U.S. and European officials say they have no evidence yet of any chemical attack. If one is confirmed, it would be the first use of such weapons by either side in the Syrian conflict.

Damascus has not confirmed it possesses chemical weapons, but says if it had them it would not use them on its own people.

(Additional reporting by Jonathon Burch in Ankara, Khaled Yacoub Oweis in Amman, Steve Gutterman in Moscow and Ari Rabinovitch in Jerusalem; Writing by Alistair Lyon; Editing by Louise Ireland and Pravin Char)

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Comments (2)
jkf wrote:
Is anyone in the press able to ask the one question that never gets asked? “President Obama, what is our red line regarding the REBELS?” Kerry said in Qatar that we are quite sure there are safeguards in place so our “aid” doesn’t get into the hands of the terrorists who have been fighting to oust Assad. He said we don’t know what those safeguards are and that knowing what the safeguard processes might be is NOT a requirement for the aid. Amazing. The US is giving aid that will most certainly end of in the hands of al Qaeda, al Nusra, and the Syrian Islamic Front. Well, they will need some cash to get the new Islamic State of Syria under control…

Mar 25, 2013 3:28pm EDT  --  Report as abuse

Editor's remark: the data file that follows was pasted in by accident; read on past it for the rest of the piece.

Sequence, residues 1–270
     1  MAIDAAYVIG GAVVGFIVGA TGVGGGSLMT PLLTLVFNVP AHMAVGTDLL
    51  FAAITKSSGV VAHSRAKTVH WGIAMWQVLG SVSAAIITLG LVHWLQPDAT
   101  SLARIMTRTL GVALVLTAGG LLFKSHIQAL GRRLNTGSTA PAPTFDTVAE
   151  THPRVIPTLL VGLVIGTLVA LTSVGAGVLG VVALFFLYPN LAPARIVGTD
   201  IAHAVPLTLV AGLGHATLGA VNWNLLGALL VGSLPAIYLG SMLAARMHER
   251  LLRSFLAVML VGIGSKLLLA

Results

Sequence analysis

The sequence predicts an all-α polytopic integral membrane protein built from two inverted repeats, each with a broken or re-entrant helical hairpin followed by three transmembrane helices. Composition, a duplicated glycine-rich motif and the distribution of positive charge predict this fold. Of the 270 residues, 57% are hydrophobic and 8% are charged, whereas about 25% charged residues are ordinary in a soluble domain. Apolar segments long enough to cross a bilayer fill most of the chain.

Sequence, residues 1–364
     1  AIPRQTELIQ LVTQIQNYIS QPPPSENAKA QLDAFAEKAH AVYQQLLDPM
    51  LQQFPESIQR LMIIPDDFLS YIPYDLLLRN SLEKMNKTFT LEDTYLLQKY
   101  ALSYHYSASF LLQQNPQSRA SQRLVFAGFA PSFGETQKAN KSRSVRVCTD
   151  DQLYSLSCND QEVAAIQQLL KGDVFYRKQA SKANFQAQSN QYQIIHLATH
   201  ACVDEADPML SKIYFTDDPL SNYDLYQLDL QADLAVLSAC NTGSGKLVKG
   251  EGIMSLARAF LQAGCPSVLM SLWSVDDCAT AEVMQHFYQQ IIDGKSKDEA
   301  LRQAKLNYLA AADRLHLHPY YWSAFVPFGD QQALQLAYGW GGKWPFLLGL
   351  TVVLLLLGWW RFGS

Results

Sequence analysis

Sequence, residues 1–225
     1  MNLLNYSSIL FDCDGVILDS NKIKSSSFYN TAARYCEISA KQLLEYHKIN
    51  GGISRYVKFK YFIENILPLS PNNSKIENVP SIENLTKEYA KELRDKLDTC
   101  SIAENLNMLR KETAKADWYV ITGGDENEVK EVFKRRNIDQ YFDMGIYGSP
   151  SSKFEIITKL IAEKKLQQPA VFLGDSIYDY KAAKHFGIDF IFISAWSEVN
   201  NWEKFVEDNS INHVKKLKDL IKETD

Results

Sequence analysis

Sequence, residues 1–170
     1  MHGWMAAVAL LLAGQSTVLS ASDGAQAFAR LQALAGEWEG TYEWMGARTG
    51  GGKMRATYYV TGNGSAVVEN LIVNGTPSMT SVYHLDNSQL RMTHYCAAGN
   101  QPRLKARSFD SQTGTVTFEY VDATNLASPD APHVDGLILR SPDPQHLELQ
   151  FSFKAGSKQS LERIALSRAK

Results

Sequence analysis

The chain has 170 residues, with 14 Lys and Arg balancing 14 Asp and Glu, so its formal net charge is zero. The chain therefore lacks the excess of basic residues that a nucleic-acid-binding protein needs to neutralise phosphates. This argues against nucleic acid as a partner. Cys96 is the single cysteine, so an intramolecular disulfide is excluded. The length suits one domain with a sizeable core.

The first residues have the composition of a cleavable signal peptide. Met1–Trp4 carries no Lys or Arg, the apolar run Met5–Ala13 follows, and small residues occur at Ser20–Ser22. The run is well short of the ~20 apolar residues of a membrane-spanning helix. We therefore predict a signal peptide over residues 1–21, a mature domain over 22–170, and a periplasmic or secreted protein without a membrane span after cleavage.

Slammy wrote:
@jkf
I agree, it does seem hard to know where these guns go once they are given to those in the field. Heck, the fbi cannot even keep track of the guns in its own Mexican sting operations so how can we know where these weapons will wind up? You have a very good point.
This conflict started as peaceful protests and we know for a fact that there are many in Syria who want Western style democracy. We also know there are those who want strict Islamic law. Do we not support the democratic people because some of that support may end up in the undemocratic? Most civil wars are splintered. Syria has been one of the most secular countries in the region for decades. I just do not see hard core Islamist having real public support if they try to seize total power. The current situation is itself a demonstration that the power of those craving freedom can be stronger than the rifles, tanks, bombs and missiles to crush them.

Mar 26, 2013 11:28am EDT  --  Report as abuse